Please join the Columbia Museum of Art & the University of South Carolina Press for a panel discussion celebrating the new edition of A True Likeness: The Black South of Richard Samuel Roberts 1920-1936.
Please join the Columbia Museum of Art & the University of South Carolina Press
for a panel discussion celebrating the new edition of A True Likeness: The Black South of Richard Samuel Roberts 1920-1936
with editors Thomas L. Johnson and Phillip C. Dunn
Historic Columbia’s Research and Archives Manager Katharine Allen
Director of the Center for Civil Rights History and Research at the
University of South Carolina Bobby Donaldson
Moderated by CMA Director of Education and Engagement Jackie Adams
Followed by a book signing
A True Likeness showcases the extraordinary photography of Richard Samuel Roberts (1880–1935), who operated a studio in Columbia, South Carolina, from 1920 to 1935. He was one of the few major African American commercial photographers working in the region during the first half of the twentieth century, and his images reveal the social, economic, and cultural realities of the black South and document the rise of a small but significant southern black middle class.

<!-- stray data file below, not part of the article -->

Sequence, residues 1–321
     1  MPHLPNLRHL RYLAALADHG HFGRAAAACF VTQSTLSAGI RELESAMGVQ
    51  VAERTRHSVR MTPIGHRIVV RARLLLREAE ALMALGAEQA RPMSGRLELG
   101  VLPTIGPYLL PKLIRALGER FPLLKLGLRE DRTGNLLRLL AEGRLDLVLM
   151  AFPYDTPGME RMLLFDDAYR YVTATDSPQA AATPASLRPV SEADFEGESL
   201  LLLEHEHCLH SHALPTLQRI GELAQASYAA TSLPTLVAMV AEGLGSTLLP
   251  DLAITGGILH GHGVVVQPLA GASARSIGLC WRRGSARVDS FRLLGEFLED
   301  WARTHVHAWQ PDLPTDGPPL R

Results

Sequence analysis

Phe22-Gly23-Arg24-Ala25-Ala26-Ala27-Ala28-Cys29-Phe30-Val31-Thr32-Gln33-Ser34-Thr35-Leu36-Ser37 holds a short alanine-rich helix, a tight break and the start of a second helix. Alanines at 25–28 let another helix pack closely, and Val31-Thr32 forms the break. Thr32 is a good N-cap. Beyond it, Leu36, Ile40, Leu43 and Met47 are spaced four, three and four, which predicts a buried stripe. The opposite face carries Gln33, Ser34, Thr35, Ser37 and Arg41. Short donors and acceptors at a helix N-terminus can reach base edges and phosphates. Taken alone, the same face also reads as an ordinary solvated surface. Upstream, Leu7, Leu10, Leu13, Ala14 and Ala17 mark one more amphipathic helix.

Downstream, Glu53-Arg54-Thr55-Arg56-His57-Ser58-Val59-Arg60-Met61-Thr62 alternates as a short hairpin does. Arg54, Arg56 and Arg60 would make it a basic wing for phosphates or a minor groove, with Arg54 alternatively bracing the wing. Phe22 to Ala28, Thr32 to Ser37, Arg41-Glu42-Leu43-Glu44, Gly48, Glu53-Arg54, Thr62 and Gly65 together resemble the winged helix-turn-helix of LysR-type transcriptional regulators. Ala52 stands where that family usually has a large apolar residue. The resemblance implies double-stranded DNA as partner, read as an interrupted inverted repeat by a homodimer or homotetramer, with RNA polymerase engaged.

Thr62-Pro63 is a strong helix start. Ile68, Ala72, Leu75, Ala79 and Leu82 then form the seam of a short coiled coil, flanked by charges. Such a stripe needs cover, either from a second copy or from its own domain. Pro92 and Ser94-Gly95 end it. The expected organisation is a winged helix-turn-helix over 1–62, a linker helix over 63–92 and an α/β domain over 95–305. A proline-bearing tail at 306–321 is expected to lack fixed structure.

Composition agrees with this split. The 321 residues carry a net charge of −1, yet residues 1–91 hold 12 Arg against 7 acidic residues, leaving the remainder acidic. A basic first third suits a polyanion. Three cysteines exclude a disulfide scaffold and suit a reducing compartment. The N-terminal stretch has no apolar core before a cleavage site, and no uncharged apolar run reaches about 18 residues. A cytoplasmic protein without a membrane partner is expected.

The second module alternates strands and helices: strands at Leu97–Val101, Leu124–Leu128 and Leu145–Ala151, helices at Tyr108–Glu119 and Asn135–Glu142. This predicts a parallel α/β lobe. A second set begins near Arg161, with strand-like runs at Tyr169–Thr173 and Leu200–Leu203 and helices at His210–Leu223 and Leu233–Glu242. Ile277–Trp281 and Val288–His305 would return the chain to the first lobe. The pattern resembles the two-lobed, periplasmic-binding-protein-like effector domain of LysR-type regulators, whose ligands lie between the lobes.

The nearly two hundred photographs in A True Likeness were selected from three thousand glass plates that had been stored for decades in a crawl space under the Roberts home. The collection includes “true likenesses” of teachers, preachers, undertakers, carpenters, brick masons, dressmakers, chauffeurs, entertainers, and athletes, as well as the poor, with dignity and respect and an eye for character and beauty.
free with membership or museum admission